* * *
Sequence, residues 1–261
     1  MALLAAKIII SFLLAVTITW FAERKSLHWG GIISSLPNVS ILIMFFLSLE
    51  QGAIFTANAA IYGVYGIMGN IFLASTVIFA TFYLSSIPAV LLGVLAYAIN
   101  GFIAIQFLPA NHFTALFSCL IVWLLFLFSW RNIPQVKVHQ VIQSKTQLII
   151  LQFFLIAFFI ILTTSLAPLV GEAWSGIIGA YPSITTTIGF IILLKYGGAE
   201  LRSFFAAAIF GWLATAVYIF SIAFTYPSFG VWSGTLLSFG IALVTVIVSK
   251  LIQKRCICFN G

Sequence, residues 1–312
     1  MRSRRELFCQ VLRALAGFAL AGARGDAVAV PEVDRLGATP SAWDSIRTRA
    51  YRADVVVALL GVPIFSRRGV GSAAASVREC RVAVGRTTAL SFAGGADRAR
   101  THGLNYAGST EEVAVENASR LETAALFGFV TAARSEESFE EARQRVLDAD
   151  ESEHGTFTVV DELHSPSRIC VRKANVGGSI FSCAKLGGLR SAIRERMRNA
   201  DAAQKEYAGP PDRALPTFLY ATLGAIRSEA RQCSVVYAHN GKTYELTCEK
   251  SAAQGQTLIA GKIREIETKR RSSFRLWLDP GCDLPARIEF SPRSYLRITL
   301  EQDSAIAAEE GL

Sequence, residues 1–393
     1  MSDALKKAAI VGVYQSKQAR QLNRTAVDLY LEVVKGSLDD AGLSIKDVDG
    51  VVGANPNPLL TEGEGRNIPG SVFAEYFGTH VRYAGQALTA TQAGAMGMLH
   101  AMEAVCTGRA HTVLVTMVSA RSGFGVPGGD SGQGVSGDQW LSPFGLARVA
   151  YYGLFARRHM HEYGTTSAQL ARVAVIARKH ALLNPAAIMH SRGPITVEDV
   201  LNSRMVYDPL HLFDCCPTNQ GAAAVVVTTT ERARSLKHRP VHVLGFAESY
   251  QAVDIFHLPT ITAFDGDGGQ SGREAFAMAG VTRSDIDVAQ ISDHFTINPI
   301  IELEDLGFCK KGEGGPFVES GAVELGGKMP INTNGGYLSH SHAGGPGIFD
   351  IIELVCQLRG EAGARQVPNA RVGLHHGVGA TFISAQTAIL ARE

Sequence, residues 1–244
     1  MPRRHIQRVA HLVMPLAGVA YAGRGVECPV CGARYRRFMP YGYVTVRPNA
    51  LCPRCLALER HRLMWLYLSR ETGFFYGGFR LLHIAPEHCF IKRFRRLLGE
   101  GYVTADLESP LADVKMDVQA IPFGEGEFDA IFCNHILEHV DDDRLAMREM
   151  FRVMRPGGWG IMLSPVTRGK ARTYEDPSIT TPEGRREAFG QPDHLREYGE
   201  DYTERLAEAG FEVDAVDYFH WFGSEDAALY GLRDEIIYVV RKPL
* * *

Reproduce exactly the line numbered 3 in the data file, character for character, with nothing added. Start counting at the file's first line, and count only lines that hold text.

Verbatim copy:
    51  QGAIFTANAA IYGVYGIMGN IFLASTVIFA TFYLSSIPAV LLGVLAYAIN